Two Christmases Aren’t that Cool: Seven Tips for Enjoying Holidays for Parents and Kids of Divorce

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About Robert Duffer

Robert Duffer (www.robertduffer.com) is the editor of the Dads & Families section of The Good Men Project. Winner of the Chicago Public Library's writing contest, his work appears in the Chicago Tribune, MAKE Magazine, Chicago Reader, Curbside Splendor, Time Out Chicago, Chicago Public Radio, Annalemma, New City, and other coffee-table favorites like Canadian Builders Quarterly. He teaches creative writing at Columbia College Chicago and lives in the suburbs with his wife, two kids, and their minivan. Follow @DufferRobert, Google+, facebook.

Comments

  1. Tom Matlack says:

    All great advice. From a guy who has been there and done that the one other thing I would recommend is to try to remember that Christmas (or whatever holiday you celebrate) is just another day. Take the pressure off and focus on having great time with your kids whenever that happens. Don’t buy into the Hollywood image of the family on Christmas morning. That is hype and not true for most people. Every day love is what really counts.

    • Good advice for anyone, anyday, Tom. So easy to overlook in the quest for Skylander’s Giants, or whatever fading fad.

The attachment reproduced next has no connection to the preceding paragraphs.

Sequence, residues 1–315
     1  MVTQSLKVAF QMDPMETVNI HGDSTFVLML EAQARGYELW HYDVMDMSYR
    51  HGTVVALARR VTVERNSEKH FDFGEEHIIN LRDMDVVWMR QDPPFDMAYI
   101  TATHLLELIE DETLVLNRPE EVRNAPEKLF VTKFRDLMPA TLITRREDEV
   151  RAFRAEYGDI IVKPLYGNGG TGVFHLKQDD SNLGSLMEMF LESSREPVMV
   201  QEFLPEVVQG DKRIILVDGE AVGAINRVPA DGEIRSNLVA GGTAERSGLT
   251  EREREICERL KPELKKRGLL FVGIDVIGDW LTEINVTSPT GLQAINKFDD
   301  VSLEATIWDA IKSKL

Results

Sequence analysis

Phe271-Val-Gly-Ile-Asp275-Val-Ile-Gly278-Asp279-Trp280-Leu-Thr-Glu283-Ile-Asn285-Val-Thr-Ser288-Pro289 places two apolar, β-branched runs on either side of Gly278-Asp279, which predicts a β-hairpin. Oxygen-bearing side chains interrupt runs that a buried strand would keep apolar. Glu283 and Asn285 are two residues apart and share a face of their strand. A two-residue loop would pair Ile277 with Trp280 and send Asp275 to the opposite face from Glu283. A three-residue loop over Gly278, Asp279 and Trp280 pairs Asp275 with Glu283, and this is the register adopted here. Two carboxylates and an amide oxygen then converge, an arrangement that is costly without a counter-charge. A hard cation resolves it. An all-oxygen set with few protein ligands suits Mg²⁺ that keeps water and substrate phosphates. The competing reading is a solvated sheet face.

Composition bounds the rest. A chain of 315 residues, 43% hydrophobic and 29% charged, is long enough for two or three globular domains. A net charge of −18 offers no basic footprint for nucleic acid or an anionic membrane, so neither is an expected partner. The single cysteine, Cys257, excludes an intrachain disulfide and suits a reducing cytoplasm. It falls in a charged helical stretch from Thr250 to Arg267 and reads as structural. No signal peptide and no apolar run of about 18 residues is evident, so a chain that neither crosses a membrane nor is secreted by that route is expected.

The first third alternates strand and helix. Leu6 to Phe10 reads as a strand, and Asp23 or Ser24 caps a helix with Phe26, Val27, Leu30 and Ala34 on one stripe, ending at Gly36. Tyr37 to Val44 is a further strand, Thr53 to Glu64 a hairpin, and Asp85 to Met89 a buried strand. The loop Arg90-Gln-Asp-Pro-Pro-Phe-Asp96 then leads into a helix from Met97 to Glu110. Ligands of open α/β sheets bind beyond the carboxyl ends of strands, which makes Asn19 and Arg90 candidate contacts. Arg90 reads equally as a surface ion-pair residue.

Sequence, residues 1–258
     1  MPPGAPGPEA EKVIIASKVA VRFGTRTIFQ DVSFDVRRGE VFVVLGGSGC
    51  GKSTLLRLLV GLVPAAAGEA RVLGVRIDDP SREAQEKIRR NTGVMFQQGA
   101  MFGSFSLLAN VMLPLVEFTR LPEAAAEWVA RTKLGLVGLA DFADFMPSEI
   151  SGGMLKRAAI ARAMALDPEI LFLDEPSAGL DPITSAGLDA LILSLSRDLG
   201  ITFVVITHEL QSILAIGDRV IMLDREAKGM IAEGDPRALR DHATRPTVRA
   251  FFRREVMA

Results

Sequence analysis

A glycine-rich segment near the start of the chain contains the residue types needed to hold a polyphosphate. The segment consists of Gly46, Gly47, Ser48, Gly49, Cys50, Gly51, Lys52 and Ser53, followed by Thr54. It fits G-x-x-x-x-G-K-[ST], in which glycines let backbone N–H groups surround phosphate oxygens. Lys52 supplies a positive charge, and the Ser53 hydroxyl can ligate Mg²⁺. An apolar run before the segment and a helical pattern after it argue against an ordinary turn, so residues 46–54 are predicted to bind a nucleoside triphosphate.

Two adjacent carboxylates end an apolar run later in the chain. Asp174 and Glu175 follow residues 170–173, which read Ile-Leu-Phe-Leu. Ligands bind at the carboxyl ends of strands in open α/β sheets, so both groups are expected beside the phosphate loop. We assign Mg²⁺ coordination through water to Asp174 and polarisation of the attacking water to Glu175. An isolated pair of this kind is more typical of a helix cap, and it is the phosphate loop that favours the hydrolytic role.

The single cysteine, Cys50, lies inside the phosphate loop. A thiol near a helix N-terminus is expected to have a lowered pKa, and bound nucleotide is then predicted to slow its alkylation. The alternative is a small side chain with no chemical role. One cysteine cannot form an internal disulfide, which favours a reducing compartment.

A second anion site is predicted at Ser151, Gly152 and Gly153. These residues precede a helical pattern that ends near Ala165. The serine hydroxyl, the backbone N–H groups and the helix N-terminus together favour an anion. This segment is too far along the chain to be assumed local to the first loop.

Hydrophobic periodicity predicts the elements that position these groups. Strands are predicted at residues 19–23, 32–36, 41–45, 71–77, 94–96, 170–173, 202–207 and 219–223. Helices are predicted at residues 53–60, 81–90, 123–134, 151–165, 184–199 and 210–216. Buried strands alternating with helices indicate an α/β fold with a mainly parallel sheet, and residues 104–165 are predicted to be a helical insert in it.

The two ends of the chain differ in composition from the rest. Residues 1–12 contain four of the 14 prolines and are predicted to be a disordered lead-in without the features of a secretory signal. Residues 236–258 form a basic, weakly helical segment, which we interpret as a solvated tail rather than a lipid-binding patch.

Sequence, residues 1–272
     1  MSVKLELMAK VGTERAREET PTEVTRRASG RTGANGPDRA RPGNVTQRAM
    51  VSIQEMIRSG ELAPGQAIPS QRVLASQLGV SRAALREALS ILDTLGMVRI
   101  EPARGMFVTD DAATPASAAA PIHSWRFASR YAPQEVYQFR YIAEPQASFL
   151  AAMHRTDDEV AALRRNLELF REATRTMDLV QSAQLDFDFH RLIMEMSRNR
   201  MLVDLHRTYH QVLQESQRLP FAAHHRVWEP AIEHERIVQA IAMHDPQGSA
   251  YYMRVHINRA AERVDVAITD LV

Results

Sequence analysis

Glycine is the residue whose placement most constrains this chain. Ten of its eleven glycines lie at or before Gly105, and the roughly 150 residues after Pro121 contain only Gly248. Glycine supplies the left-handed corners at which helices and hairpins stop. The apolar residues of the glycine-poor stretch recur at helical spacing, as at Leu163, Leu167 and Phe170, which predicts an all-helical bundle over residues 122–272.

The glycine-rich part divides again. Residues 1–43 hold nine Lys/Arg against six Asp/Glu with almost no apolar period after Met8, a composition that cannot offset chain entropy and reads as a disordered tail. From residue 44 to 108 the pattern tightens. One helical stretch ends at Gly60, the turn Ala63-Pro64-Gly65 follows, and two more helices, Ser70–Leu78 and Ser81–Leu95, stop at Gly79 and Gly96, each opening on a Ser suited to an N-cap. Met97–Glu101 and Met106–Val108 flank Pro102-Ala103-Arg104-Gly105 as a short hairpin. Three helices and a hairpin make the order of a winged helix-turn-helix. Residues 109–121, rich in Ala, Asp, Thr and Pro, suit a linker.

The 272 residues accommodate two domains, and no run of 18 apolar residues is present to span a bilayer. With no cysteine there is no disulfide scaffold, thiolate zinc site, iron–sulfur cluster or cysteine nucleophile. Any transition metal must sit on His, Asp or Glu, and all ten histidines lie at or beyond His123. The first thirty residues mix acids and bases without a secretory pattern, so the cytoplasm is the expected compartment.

2. I know it’s easier said then done, but when possible, include the ex and their family- even if you are picking your kids up from the ex’s family holiday party, call well before and say that “__________ really has a difficult time transitioning, would it be OK if I come in for coffee before the kids say their goodbyes?”

    Also, I think it’s helpful when the parents encourage other family members to be inclusive. Now, I am married, but I was a teacher for many years, and all I really learned was that parents have great big egos! Maybe it’s uncles, cousins, or other sets of grandparents, but it’s a time of joy and peace. Suck it up, both parents, and be there for your kids- they will learn more from your good behavior then the naughty…

    • Difficult indeed, Maia, but exceedingly beneficial for the kids if it can be done without conflict. For many where old wounds are easily picked, visiting with the ex and the ex’s family without conflict can be a Christmas miracle. Merry Christmas, you wonderful old Building and Loan!

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